Environmental emissions of Bisphenol A

Excavator bucket with sediment in a riverClick to enlarge
Up to 20 µg of Bisphenol A can be found sedimentary per kg.
Source: Paul Fleet / Fotolia.com

Due to its effects on hormone systems, Bisphenol A is a worldwide controversially discussed, but also an economically important substance. In Europe, chemical industry is producing 1.15 million tons annually.

The chemical is a precursor for polycarbonates and epoxy resins, used for example for plastic bottles or tin coatings. Furthermore, Bisphenol A is a developer chemical in thermal paper. Scientists regularly detect Bisphenol A in the environment. Scientific experts involved in this UBA-study analyzed up to date data provided by registrants, data bases and scientific studies to identify the sources and quantities of Bisphenol A emissions to the environment. The largest part of the environmental emissions originates from the production of Bisphenol A, epoxy resins, and thermal paper. Also emissions from the recycling of thermal paper fractions and PVC products contribute to Bisphenol A emissions to the environment. The same holds true for deposited waste of Bisphenol A containing products. In actual studies Bisphenol A was measured in concentrations up to 1 µg/L in surface waters, up to 20 µg/kg in sediments, and up to 2.5 µg/L in agricultural soils. High values are in particular found near point sources such as production-, use- or further-use sites. However, Bisphenol A also reaches the environment via other processes or diffuse sources (such as waste disposal sites).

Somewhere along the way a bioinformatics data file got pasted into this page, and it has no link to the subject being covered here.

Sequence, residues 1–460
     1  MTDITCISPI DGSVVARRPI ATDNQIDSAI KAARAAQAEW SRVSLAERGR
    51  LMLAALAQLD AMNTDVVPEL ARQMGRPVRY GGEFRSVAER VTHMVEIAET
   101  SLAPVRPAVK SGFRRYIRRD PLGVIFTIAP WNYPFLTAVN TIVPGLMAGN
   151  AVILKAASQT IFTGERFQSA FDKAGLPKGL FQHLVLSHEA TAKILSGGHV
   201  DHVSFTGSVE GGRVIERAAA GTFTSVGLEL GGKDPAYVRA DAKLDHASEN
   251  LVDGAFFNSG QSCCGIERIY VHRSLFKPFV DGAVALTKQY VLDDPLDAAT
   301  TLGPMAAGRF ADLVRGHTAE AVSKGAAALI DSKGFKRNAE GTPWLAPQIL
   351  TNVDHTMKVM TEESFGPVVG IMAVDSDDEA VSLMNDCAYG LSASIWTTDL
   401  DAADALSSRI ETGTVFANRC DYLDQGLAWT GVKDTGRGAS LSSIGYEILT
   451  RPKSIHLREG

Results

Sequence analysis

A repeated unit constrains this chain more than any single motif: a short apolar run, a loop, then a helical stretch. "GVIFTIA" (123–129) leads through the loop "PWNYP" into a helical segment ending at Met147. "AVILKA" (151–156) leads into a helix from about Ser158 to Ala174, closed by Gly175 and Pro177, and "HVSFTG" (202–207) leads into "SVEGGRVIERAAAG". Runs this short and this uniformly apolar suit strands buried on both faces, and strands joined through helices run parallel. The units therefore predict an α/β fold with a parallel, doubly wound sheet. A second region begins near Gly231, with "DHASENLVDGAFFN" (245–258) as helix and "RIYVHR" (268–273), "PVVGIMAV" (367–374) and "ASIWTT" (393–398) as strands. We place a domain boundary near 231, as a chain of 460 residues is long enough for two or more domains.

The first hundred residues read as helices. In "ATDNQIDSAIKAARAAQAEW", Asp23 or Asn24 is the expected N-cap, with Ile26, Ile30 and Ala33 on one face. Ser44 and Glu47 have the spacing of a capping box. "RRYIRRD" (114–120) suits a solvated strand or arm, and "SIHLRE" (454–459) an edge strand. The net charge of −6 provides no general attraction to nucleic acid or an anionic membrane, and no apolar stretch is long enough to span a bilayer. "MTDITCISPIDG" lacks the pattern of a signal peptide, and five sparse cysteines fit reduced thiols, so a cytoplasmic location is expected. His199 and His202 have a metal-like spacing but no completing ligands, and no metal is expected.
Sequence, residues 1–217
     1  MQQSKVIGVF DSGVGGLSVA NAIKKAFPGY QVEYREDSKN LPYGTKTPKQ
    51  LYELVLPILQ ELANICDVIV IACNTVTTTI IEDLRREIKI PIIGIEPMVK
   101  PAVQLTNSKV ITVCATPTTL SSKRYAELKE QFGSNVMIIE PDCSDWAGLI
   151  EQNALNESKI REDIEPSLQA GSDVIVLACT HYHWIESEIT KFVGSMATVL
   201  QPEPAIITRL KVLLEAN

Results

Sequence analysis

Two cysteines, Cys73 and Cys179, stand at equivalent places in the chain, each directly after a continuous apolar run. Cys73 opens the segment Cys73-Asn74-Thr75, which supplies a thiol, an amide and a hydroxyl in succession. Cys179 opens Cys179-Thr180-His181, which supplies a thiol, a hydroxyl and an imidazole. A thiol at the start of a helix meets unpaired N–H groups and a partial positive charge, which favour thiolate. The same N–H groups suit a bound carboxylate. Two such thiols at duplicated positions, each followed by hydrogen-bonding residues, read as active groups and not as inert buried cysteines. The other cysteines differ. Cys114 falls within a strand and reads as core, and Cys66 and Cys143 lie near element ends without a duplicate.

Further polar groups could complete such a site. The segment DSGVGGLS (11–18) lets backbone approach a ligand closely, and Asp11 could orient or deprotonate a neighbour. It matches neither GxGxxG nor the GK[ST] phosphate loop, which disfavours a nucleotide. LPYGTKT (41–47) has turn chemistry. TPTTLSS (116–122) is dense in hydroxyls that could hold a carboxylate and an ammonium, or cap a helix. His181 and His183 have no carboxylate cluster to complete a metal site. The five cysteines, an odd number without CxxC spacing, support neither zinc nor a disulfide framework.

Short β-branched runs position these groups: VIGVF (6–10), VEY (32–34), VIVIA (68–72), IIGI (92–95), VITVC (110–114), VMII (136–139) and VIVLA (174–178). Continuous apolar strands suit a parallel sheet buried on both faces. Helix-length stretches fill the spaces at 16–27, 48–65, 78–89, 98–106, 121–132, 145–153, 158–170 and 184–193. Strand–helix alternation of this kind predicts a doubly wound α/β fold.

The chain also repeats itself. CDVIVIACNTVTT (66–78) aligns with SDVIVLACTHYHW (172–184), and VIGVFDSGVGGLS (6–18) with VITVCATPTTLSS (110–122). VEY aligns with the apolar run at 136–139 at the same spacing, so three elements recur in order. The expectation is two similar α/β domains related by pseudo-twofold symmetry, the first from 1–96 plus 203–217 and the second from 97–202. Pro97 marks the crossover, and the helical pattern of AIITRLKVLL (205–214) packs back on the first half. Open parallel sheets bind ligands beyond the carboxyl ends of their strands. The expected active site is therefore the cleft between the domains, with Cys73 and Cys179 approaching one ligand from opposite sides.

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 Bisphenol A  Sediment